Virtual Social Studies Talk | From Fire to Phoenix City: Rebuilding Chicago’s Landscapes
Thursday, March 4
Beginning with the Great Chicago Fire of 1871, tragic Chicago fires such as the 1903 Iroquois Theater Fire and the 1967 McCormick Place Fire have led to improvements for not just the city, but the nation.
Log on and join CHM assistant curator Julius L. Jones and author and architecture critic Lee Bey as they discuss how conflagrations have influenced Chicago’s built landscape. From crash bars on fire exits to doors that open out and the implementation of water sprinkler systems, learn how Chicago helped advance national standards in building codes, materials, and zoning.
This event is free of charge; we would greatly appreciate a donation to the Museum in any amount. Program runs about 1 hour; Zoom link provided after registration.
Lee Bey is a photographer, writer, and lecturer who documents and interprets the built environment—and the often complex political, social, and racial forces that shape spaces and places. A former Chicago Sun-Times architecture critic, he is also a senior lecturer at the School of the Art Institute of Chicago and served as deputy chief of staff for urban planning under former Chicago mayor Richard M. Daley. Bey’s photography has appeared in Chicago Architect, Old-House Journal, CITE, and in international design publications, including Bauwelt and Modulør. His writing on architecture and urban design has been featured in Architect, Chicago Magazine, Architectural Record, and many news outlets. Bey’s most recent publication is Southern Exposure: The Overlooked Architecture of Chicago’s South Side (2019).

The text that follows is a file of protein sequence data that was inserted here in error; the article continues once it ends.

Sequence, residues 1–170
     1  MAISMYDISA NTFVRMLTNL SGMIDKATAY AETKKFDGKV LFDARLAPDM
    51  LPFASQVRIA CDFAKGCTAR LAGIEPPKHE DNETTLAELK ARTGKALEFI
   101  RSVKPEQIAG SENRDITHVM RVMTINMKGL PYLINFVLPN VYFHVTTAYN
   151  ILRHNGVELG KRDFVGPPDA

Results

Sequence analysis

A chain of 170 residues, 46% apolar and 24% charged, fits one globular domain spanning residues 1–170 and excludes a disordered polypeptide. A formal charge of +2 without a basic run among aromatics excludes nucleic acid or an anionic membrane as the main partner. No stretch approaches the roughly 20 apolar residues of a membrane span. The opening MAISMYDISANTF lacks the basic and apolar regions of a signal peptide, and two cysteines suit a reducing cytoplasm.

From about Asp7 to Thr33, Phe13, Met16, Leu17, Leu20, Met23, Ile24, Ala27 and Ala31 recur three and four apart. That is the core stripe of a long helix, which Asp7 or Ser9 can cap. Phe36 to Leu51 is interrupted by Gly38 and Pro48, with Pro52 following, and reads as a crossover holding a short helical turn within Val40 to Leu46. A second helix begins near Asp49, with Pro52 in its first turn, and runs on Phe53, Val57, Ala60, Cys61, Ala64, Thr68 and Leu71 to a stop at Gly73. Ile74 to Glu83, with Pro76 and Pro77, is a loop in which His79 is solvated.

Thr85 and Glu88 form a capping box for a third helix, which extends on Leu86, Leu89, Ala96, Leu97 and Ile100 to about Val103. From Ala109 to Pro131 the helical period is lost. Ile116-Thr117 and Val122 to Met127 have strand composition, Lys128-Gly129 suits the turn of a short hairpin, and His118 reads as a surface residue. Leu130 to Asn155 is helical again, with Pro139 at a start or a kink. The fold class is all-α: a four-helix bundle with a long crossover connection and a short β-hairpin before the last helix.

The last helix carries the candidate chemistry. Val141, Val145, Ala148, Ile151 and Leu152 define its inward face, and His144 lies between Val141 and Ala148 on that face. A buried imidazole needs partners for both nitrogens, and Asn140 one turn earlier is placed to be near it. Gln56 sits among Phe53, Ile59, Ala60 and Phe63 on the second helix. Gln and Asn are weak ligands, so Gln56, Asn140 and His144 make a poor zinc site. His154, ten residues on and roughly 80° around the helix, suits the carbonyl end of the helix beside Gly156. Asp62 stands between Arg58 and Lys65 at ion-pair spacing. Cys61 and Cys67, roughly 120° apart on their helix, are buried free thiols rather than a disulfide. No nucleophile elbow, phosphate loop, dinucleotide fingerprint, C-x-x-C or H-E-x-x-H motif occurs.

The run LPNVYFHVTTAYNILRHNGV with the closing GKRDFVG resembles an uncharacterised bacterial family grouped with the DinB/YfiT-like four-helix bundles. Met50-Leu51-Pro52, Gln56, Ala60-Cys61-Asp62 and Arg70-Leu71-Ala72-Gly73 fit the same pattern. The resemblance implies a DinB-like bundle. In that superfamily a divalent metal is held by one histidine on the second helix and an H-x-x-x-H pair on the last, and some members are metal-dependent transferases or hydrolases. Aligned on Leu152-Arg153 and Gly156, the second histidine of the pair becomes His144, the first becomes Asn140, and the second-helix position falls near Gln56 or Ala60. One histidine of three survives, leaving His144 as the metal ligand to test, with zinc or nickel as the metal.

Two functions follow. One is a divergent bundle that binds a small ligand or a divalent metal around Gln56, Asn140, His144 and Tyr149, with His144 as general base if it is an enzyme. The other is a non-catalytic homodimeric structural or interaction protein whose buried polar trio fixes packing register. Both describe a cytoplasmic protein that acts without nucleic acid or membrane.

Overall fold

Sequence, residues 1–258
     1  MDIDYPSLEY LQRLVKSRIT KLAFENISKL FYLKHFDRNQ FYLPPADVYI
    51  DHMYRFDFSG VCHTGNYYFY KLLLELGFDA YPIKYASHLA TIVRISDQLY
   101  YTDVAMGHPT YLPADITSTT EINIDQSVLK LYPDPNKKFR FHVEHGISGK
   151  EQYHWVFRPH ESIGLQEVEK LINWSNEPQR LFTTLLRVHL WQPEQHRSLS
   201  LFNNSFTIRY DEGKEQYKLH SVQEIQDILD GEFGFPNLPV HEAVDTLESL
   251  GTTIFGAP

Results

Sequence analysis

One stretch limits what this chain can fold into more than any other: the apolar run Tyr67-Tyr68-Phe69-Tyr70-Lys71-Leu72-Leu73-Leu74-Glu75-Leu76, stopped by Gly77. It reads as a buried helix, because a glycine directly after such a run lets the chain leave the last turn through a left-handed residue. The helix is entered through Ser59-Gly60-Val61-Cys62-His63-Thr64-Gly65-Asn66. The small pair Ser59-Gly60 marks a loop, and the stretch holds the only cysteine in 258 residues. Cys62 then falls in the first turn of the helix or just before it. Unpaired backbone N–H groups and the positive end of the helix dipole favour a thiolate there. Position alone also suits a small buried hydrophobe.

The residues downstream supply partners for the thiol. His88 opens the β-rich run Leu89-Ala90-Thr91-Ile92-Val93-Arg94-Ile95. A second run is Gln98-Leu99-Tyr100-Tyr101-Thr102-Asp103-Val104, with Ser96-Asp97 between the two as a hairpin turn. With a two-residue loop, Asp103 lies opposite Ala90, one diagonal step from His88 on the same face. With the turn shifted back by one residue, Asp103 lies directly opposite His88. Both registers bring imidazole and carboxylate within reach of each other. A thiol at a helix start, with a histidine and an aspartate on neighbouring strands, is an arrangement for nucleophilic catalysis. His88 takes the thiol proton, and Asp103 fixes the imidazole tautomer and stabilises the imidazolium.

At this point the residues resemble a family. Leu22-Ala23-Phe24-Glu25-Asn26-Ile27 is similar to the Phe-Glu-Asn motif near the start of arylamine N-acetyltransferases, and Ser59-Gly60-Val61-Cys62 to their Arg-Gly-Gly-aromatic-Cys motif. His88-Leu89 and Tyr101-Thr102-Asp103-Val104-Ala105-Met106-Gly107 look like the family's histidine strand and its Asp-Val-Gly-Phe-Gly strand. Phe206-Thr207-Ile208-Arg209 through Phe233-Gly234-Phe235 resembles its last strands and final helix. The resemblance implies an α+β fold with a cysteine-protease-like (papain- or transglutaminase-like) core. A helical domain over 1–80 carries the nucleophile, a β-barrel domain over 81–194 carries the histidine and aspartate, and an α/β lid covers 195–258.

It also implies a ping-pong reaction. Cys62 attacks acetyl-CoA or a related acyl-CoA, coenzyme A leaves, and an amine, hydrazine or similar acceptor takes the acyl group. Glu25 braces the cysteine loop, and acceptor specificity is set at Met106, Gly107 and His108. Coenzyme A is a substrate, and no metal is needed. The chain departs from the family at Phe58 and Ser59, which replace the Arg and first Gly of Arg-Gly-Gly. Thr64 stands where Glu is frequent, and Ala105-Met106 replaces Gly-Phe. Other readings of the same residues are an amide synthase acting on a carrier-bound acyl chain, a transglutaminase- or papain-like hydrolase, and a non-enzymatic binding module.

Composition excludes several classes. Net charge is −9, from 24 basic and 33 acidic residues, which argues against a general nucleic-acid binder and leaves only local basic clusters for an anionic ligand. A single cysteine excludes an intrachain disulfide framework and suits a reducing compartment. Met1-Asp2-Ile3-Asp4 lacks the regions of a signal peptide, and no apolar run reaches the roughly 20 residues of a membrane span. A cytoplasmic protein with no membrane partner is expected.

Julius L. Jones is an assistant curator at the Chicago History Museum. He is committed to using technology to tell new and inclusive stories about the past in compelling and innovative ways. Jones’s scholarly interests include twentieth-century US cultural and social history, particularly the meanings of aspiration among racial and ethnic minorities, with a focus on Chicago. He is currently curating the exhibition City on Fire: Chicago 1871, which opens in October 2021.